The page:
GLOVER
The Evolution of Long Island:
A Story of Land and Sea

by Ralph Henry Gabriel, 1921 Yale Univ. Press

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Pg. 120- (Pirates and Smugglers) - Distance from the seat of authority, nearness to a growing centre of trade and exchange, and a sheltered coast, indented with numerous harbors, all conspired to make Long Island one of the great American centres for eighteenth-century smuggling. The traders were far more skillful than the lawmakers in adapting themselves to the peculiarities of the western environment.

The people of the eastern villages early found another means of gain, and one hardly to have been expected of the worthy Puritans who set out from old and New England to build their homes and to worship God in the wilderness. They were, however, subject to a strong temptation. Long Island stretched its narrow length far to the eastward of New York. Scores of miles of almost trackless forest separated the people of Peconic Bay from those at the mouth of the Hudson. For the villagers even of Southold the Connecticut shore was but a hazy line on the northern horizon. The days at the close of the seventeenth century, when piracy was at its height, Long Island had an important part in piratical ventures. "I understand," wrote Bellomont in 1699, "that about 30 pirates came lately in the east end of Nassau Island and have a great deal of money with them; but so cherished are they by the inhabitants that not a man of them is taken up. Several of them I hear came with Shelly from Madagascar... I too hear that Captain Kidd dropped some pirates in that Island... They write from New York that Arabian gold is in great plenty there." These days were, indeed, far removed from those when the people of Long Island labored "only to get bread and clothing, without hopes of ever seeing a penny of monies." It is not strange that the gentlemen who had brought about the change came to be known, not as "pirates," but as "privateers."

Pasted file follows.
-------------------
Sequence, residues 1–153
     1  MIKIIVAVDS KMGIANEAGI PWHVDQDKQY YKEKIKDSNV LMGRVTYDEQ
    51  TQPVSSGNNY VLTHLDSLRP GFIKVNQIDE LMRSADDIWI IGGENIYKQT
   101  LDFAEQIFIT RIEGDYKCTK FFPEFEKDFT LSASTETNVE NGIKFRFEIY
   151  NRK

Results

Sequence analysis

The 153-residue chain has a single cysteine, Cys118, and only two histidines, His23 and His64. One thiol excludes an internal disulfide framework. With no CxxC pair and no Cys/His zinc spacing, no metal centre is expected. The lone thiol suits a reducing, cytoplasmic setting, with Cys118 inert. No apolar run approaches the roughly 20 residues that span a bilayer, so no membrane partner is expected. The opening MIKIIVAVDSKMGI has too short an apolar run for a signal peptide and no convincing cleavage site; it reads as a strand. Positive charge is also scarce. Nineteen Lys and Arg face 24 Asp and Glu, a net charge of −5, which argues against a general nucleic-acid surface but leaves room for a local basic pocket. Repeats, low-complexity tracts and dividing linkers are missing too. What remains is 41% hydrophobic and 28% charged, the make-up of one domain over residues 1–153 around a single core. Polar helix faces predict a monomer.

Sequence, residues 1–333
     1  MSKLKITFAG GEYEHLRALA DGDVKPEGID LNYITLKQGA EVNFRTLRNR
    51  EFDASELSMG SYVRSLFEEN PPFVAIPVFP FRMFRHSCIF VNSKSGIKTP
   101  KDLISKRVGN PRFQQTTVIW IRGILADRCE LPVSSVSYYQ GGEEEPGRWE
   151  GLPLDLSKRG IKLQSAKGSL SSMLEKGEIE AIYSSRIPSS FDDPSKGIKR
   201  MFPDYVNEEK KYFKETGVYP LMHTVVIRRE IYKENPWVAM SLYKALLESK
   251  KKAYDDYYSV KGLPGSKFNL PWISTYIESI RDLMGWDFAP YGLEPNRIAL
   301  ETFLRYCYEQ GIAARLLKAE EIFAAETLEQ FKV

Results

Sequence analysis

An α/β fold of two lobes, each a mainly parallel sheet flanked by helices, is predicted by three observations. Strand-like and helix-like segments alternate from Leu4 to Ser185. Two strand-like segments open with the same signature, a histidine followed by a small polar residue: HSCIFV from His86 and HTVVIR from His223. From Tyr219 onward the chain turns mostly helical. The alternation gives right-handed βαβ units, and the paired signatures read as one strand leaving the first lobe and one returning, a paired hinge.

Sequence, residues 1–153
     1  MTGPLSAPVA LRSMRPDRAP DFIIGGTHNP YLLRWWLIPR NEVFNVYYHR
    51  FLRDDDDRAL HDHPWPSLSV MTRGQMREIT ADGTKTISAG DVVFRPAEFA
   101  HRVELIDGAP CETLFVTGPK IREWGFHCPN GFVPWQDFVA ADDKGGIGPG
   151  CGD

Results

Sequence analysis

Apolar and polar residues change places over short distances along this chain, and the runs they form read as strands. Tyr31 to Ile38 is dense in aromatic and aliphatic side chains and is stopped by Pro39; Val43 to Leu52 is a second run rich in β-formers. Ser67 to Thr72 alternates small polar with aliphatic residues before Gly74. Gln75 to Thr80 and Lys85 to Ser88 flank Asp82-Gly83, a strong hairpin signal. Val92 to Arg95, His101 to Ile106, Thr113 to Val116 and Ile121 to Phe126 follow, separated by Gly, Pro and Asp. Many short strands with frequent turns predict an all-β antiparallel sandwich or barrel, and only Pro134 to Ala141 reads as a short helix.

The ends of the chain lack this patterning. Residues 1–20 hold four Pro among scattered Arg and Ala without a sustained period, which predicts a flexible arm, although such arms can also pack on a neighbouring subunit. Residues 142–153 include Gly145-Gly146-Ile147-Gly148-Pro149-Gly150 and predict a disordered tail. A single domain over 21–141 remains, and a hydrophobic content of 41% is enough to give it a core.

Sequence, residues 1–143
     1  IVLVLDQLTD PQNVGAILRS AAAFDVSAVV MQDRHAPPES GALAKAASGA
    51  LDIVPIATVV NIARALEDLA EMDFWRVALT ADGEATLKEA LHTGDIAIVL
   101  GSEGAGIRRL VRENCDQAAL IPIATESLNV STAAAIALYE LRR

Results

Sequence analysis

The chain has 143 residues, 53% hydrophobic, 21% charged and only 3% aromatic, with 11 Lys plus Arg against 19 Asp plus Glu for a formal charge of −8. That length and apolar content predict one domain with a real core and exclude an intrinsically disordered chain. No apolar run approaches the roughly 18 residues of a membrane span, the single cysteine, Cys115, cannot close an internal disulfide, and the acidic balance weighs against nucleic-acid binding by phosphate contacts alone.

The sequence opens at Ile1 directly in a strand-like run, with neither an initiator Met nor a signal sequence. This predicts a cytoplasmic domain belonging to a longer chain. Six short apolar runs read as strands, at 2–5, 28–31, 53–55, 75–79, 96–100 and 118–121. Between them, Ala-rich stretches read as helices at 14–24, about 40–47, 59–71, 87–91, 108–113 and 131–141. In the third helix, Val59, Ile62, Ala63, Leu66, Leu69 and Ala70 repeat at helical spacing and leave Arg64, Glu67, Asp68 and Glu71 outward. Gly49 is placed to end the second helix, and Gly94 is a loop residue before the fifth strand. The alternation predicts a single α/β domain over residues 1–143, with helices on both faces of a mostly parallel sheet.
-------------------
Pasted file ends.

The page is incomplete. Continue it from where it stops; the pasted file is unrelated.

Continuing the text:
To the energetic Earl of Bellomont, governor of the province of New York, it was hard work, trying to clean out the pirates' nest at the eastern end of the Island. He wrote to his superiors in England, recounting that Rayner had landed at the eastern end of Long Island with a chest of treasure "valued at fifteen hundred pounds," but had been seized by the sheriff. In 1699, after Bellomont had became governor, a pirate ship from the East Indies was brought to the east end of Long Island and sunk between that Island and Block Island. Its treasure, concealed on the latter, was recovered and confiscated by the governor of Rhode Island. In 1699, the great Kidd was apprehended in New England and sent home to face a jury and the gallows. Bellomont secured possession of one of Kidd's crew who had been aboard the pirate's sloop at the east end of Long Island and who had carried off treasure to the value of about L5000. He was sent to England with his chief. The eighteenth century was not many years old when the period of romance for "Nassaw Island" came to an end. The people of the "Pirate's nest" at the eastern end, save for a little smuggling, settled down to the prosaic business of earning an honest living.

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The Genealogy and History of the Glover Family of Saxon Origin
Formerly spelled "Golofre" and in the Fourteenth Century "Glove" by D.J. McCall, Simcoe, Ontario (Lineage of Francis Glover of Morristown, NJ who was a Loyalist in the Rev., probably not our line?)
Glover in the Salmon Records of Southold, Long Island
Misc. Glover Wills, including Anne Glover of St. Stephens, Coleman St., London
JTR's Colorful Families: Glover
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